Digital Assistants can potentially help make users’ lives much easier. Users have lots of expectations for digital assistants like Amazon Alexa, Apple’s Siri, and Microsoft’s Cortana. Consumers ask for information, reminders, the weather report and expect the digital assistant to be reliable and trustworthy.
Enterprise users also expect the digital assistant to have these same qualities so they can complete very important tasks in an enterprise environment. If users don’t trust the digital assistant, they won’t use it. If users won’t use the digital assistant, it’s possible that support costs can go up and customer satisfaction might go down.
The first time people meet someone, including a digital assistant, it takes time to build trust with a digital assistant. Conversations usually start out as transactional. The user asks the digital assistant to do something and expects it to perform. With each successful interaction, trust between users and the digital assistant improves. Conversation design can take users to more complex, proactive conversations.
- Introduce the digital assistant to the user.
- Let the user know that the digital assistant is a a computer, not a live human agent.
- Tell the user what the digital assistant’s capabilities are.
- Set clear expectations for the digital assistant.
- Suggest topics for the user to learn about.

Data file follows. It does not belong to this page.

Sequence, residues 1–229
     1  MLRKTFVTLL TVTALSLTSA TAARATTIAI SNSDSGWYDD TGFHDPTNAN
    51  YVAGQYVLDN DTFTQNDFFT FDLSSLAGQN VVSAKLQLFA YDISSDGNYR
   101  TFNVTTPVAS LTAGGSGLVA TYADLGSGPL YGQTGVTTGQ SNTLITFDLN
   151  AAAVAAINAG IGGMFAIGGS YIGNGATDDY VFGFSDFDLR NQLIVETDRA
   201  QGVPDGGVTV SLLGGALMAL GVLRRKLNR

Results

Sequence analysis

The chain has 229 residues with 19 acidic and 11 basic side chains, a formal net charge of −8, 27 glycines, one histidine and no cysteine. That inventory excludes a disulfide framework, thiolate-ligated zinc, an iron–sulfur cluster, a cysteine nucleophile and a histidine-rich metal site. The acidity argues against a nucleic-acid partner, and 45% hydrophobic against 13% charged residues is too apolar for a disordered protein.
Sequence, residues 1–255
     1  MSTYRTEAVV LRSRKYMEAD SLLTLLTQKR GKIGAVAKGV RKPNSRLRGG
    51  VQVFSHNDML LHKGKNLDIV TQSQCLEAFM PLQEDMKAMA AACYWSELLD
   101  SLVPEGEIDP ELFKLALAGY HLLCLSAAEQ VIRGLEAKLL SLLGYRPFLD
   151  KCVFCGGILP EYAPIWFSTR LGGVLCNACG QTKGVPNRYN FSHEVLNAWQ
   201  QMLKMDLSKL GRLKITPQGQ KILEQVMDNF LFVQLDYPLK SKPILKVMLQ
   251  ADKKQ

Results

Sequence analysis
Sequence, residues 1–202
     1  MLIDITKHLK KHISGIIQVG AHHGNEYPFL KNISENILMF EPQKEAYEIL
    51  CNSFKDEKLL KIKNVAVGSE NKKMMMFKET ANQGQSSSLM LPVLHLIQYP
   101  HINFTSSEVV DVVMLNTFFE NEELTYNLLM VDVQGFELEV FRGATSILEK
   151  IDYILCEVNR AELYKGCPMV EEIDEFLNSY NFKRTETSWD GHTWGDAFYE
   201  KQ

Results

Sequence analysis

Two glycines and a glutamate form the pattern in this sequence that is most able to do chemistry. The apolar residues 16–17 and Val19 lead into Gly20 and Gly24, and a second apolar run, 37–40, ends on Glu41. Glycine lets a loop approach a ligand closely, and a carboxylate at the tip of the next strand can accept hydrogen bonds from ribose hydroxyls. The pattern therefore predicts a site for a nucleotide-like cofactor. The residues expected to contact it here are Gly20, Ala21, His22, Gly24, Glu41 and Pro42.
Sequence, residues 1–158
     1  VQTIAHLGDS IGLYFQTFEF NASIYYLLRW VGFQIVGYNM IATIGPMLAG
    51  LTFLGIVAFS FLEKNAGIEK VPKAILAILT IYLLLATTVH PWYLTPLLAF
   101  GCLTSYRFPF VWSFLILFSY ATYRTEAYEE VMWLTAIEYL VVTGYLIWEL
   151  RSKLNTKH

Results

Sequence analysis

Onboarding users when they first interact with a digital assistant is very important in building trust. As trust improves, users are more comfortable interacting with the digital assistant. As user information is collected, it’s important that the digital assistant tells users how information and knowledge will be used, so they can maintain and build trust.
- Make the digital assistant visible and easy to access in your product or on your website.
- Introduce the digital assistant and what types of questions it can answer.
- Be sure the digital assistant easy to use, intuitive. If it’s easy to use, people will use it.
- Digital Assistant should load quickly and understand what users are saying.
- Give users a seamless experience.
We all look for reliable friends, computers, cars, and more. Users also want reliable digital assistants and expect a correct and accurate response.
- Make every interaction consistent, so that the user is comfortable with the digital assistant’s skills.
- Keep a consistent tone and voice that matches your company’s brand.
- Digital assistants should know and understand customers.
- Make users feel successful when interacting with the digital assistant to complete their tasks.
- Give users the information they need without sales pressure.
Users need to to trust that the digital assistant correctly responds to their requests.
- Give users a satisfactory experience every time, so users want to come back.
- Be honest with users about how you can help them (and how you can’t).
- Start with a simple statement that can help users feel at ease. Something like, “Hi, I’m SAP’s Digital Assistant. How can I help you?”.
- The digital assistant’s conversations should be natural and not robotic—like the user is talking to a colleague or even a live agent.
- If the digital assistant can’t answer the user’s questions, let users know how to contact customer support (live chat, email, phone).